Robert J. Marks is a Distinguished Professor of Electrical and Computer Engineering at Baylor University. He joined Ian Punnett (Twitter) to discuss the present development of AI and "killer robots" as the newest arms race. Marks said that the United States and especially the military "needs to adapt and change technology" in order to stay ahead of or at least competitive with adversaries. As an example, he noted that China is "throwing 30 billion dollars at AI." The most chilling application of robotics for defense, in Marks' opinion, are "drone swarms" of hundreds of aircraft, since half of the swarm could be destroyed and the rest could still carry out a mission (such as an attack on a military or civilian target.)
Marks believes that the best and most useful form of AI may be in "limited" versions, which he explained as making weapons that "do what you want them to do" for specific purposes. Unlike more fully developed forms of computer learning (such as autonomous driving cars), he noted that it's easier and safer for robotic weapons to do one job instead of many. Marks concluded that the development of AI is nowhere near what is referred to as the "Singularity" – the supposed point at which computers will surpass humans in intelligence. He quoted physicist Roger Penrose, who said that "man might create the computer, but the computer will never create man."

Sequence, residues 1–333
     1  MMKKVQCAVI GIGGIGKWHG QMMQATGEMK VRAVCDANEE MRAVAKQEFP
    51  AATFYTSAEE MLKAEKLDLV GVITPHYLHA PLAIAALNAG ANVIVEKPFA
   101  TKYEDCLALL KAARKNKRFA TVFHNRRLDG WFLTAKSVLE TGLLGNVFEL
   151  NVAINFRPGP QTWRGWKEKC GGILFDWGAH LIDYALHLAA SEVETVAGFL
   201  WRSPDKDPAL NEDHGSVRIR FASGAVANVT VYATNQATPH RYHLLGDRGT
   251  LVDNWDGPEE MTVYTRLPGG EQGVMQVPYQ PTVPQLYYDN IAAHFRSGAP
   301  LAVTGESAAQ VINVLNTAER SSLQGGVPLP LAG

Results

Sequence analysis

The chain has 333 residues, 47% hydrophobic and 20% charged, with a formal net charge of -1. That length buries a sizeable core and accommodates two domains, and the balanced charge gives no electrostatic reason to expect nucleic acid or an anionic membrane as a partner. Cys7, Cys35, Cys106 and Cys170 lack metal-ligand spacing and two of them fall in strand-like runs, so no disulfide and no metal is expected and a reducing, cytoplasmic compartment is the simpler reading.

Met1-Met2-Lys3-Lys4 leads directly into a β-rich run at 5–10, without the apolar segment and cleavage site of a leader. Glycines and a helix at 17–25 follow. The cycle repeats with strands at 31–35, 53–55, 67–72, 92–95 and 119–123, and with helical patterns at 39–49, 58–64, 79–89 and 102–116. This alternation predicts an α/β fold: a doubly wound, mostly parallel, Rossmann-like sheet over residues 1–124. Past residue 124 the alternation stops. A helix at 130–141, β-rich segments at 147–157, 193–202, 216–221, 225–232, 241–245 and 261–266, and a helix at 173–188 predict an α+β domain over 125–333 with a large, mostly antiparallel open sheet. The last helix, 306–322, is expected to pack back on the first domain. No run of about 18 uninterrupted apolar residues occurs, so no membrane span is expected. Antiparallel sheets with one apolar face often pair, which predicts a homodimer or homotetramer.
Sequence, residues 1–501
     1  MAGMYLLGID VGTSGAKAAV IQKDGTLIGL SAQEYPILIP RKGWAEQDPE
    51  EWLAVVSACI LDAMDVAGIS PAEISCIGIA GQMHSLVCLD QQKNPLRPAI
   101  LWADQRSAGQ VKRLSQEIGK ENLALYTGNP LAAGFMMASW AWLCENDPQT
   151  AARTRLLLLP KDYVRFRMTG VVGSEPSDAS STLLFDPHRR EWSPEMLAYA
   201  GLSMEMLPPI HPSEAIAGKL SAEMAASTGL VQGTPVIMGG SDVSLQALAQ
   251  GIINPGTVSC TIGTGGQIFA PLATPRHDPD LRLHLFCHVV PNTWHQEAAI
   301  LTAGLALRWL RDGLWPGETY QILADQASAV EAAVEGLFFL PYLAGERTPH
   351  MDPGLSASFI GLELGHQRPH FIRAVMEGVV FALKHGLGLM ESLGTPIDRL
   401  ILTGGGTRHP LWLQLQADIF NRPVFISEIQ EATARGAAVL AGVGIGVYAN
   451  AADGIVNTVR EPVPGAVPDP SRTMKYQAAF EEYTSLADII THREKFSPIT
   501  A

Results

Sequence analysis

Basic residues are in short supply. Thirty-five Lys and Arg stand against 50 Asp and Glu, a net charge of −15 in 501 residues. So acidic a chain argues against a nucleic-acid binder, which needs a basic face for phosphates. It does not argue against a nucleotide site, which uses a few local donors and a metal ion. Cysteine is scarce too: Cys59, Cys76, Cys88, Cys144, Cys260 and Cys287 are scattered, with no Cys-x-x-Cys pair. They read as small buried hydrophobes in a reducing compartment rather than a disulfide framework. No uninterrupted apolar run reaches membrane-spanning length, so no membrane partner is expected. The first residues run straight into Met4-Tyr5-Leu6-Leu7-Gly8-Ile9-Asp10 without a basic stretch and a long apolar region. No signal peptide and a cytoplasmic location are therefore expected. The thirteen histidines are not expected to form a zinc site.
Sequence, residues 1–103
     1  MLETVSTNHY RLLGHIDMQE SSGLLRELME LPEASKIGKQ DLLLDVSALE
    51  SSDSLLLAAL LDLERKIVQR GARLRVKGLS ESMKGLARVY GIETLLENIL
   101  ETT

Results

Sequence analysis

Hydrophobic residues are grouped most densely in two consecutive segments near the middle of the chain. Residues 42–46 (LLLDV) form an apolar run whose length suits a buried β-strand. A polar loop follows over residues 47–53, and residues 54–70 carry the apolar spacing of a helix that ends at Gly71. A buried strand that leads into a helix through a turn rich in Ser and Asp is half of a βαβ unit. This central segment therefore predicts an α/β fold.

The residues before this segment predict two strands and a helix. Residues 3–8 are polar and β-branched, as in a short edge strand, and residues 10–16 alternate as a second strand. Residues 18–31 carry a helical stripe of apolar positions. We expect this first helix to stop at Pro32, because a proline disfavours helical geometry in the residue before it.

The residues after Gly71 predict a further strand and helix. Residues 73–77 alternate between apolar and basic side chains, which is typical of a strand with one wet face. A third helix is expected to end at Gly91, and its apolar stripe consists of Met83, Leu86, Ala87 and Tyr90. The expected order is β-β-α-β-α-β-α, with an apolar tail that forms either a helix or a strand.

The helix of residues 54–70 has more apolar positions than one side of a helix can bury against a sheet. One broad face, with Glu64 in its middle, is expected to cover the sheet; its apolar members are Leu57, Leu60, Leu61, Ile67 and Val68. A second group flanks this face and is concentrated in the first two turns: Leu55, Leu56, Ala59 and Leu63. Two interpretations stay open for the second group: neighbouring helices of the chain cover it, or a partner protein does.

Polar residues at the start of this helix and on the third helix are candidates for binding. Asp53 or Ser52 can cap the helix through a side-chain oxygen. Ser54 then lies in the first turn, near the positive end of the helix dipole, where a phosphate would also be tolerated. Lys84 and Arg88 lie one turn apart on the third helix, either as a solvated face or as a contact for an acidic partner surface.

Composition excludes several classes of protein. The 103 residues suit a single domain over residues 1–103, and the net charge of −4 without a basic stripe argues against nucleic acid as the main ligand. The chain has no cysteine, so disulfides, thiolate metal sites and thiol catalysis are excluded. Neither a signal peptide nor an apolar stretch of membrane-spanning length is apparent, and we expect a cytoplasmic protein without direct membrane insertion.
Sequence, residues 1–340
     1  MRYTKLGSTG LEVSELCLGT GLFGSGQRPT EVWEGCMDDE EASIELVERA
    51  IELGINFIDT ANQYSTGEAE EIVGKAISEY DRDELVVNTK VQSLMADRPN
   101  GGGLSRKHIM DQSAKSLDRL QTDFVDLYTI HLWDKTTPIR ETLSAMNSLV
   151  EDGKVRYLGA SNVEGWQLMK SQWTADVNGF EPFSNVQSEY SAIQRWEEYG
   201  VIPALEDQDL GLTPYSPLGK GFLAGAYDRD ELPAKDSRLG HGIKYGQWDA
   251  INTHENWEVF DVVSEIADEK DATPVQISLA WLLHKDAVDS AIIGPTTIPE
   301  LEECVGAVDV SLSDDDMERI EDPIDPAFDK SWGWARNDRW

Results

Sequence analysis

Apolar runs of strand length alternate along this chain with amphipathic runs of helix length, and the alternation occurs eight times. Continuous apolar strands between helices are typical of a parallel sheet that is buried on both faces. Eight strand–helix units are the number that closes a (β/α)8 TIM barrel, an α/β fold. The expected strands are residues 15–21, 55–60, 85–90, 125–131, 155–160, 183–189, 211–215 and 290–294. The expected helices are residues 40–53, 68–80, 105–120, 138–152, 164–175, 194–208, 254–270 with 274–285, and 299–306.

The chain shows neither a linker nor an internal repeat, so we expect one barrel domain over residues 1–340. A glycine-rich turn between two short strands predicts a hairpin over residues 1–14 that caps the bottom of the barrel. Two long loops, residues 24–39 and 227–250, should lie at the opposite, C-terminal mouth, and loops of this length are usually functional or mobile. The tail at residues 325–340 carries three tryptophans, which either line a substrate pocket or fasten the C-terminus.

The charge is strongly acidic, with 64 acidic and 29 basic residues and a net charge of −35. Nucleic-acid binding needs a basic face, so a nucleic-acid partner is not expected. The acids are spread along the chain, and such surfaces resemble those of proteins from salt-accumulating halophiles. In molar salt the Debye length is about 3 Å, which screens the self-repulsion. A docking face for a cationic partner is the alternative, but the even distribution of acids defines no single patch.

Gordon called from Florida to begin Open Lines and expressed his opinion that student loans should be allowed to go into bankruptcy. Blair in Arizona read the recent C2C article on biological robots and compared it to passages in the biblical book of Revelations. Michael In Virginia said that the only solution to wars and other strife would be a "one-world government." Joe in California was disturbed by the discussion about AI and said we need to "become more spiritually evolved," not develop more weapons. Gino in Missouri wondered whether the Biblical contention of 1000 years to us as "1 year to God" is supported if we travel at the speed of light and the time dilation that would occur.
Steve in Arizona pondered, "at what point do we start to think that mythology is right, and science catches up with it?" Debbie in Oregon told the story of a man who visited her restaurant in the 1970s and showed drawings and photos of a movie he was trying to produce. She thought the man was perhaps a little crazy, but then three years later, she saw Star Wars and realized that "the man was George Lucas." Charles in Texas asked the listeners to consider that WWII with Japan didn't really end with the use of a nuclear weapon. John in Ohio agreed, saying that the official version of history is based on "quasi-religious dogmas."